Today’s American Journal of Bioethics column about Dr. Charles Krauthammer’s August 5 Washington Post column, “Cell Lines, Moral Lines,” does more than just show political bias. It looks like the anonymous editor over there has a reading skill deficit.
Dr. Krauthammer opens with
It is a good idea to expand federal funding of embryonic stem cell research. It is a bad idea to do that without prohibiting research that uses embryos created specifically to be used in research and destroyed.
AJOB’s post entitled, ” The Right Wing’s Attempt to Kill Stem Cell Research,” opens with,
Krauthammer’s column today in the Washington Post argues that the expansion of stem cell research using new lines of stem cells is bad. He’s just plain wrong on the facts, so the column is pretty useless, which is no surprise given the tactics used these days by those who oppose embryonic stem cell research: confuse and redirect.
But what is clear here is that there is a political strategy in play – while the money for expanded stem cell research that is implicit in any Senate or House proposal thus far is small, the effect on state-based stem cell research under Castle-DeGette would be huge. In effect the Frist effort could clamp down on new state-based initiatives, restricting the amount and kind of research that states (read: California) could do with their own money. Hmm.
I don’t intend to make this a negative blog or engage in one-on-one debate with Professors McGee and Caplan, but their post continues by quoting another columnist, who, like this anonymous editor, doesn’t seem to understand that there are different types and sources of stem cells and the issue is not whether the President, Dr. Krauthammer or any of us want to ban all stem cell research. We’d just rather not kill anyone for it.
Anyone with a high school biology course should understand that the embryo is not some construct that can be separated from the later, adult being. The embryo is what that being (in this case human — or why not use apes or mice in the first place?) is – the exact being who would/will be born, get a birth certificate, walk, talk, maybe learn to read and earn a Ph.D. in philosophy if he’s so lucky. (We’ll talk about why apes but not human beings, later — but look at my tag line for one reason.)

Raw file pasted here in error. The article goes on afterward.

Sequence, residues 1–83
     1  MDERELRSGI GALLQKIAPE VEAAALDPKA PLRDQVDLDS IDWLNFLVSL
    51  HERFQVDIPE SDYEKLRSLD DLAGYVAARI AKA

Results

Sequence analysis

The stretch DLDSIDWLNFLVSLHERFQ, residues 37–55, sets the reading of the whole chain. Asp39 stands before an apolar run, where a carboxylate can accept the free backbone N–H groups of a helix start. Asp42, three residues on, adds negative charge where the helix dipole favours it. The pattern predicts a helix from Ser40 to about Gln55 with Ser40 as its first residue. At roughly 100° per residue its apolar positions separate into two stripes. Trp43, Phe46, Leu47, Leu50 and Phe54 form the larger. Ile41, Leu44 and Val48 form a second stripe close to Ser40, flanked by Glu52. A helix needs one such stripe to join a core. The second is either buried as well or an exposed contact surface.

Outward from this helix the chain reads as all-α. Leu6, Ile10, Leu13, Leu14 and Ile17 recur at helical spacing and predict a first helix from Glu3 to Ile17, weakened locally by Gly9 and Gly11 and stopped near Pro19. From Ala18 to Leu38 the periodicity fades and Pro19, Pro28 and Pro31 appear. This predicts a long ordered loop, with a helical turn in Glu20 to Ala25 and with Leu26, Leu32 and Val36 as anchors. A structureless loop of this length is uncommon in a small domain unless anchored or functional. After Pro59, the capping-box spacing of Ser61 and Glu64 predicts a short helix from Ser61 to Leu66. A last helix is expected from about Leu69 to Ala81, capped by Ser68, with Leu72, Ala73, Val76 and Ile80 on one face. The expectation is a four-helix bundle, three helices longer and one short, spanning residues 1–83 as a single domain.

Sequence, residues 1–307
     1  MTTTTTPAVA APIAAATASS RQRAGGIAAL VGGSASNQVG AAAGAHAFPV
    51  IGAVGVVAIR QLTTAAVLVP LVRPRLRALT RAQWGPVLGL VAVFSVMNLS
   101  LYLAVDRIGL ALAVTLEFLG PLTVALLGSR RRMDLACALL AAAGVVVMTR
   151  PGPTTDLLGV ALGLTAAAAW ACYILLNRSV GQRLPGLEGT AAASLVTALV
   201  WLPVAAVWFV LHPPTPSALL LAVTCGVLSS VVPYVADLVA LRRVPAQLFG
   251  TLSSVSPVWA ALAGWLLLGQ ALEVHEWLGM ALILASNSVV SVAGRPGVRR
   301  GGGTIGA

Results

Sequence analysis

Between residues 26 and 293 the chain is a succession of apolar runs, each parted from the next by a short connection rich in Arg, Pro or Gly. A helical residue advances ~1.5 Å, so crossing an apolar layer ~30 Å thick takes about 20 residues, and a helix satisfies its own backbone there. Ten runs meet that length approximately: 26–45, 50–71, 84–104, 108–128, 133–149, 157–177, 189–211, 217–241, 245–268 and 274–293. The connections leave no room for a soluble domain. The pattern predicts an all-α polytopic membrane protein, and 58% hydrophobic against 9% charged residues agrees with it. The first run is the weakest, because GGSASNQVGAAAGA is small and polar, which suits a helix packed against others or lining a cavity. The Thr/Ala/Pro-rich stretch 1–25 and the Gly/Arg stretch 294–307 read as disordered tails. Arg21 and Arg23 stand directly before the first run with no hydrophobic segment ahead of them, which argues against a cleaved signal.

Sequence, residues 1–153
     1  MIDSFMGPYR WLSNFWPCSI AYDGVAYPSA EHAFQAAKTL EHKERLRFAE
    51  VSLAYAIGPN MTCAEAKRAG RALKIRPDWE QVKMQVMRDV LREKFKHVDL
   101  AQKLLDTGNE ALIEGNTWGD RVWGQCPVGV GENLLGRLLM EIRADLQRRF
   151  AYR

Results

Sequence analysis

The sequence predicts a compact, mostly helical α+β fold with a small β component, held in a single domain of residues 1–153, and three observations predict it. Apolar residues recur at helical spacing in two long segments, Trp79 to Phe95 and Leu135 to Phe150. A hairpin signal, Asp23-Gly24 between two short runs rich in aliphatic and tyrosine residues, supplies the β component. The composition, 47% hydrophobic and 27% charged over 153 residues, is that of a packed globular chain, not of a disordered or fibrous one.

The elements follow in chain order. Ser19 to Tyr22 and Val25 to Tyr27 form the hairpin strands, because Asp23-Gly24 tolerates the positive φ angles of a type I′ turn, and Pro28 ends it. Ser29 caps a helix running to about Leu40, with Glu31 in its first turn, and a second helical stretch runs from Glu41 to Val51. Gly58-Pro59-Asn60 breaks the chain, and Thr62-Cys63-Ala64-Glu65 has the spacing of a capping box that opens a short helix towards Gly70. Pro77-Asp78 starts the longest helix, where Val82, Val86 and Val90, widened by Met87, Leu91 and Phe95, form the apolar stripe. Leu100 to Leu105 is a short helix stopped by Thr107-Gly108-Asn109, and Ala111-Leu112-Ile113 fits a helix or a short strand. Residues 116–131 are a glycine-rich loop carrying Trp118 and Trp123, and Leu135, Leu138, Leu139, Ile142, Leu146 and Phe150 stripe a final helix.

However, the level of functioning isn’t necessary for membership in the species, either. Otherwise, (with the right reasoning such as national security, happiness, wealth or health), we’d be justified in discriminating against those who can read and those who can’t, those who can bear children and those who can’t, or even based on ancestry, religion or the amount of pigment in the skin.
When we kill the embryonic human being, we may or may not cause grieving in the parents, but we have still caused the death of one of us. No one, even the most kindhearted person, could grieve for all the anonymous deaths of human beings that take place outside our knowledge or even for all those we know about but are not at least peripherally emotionally attached to. People are not human beings just because someone loves them, despite the croonings of Dean Martin.
Western medicine and humane [sic] research has been built on the ancient Greek concept often paraphrased as “Heal if possible, but, first, do no harm (or evil).” Even if there were no other way to cure 6 year old type I diabetics (or even if we could cure our particular, loved 6 year old tomorrow, rather than in 20 years), we can’t justify the killing of another human being for the use of his parts and remain humane.
But, of course, it’s not necessary and any cures are far in the future. In the meantime, we can currently treat over 60 diseases with non-embryonic stem cells. Scientists are finding stem cells in every organ, the umbilical cord blood, and even the the placenta.
The ideal would be to treat disease in situby learning to stimulate factors, environments and genes that control the patient’s own stem cells and regenerative powers. I’d rather have a shot than surgery to implant stem cells, wouldn’t you?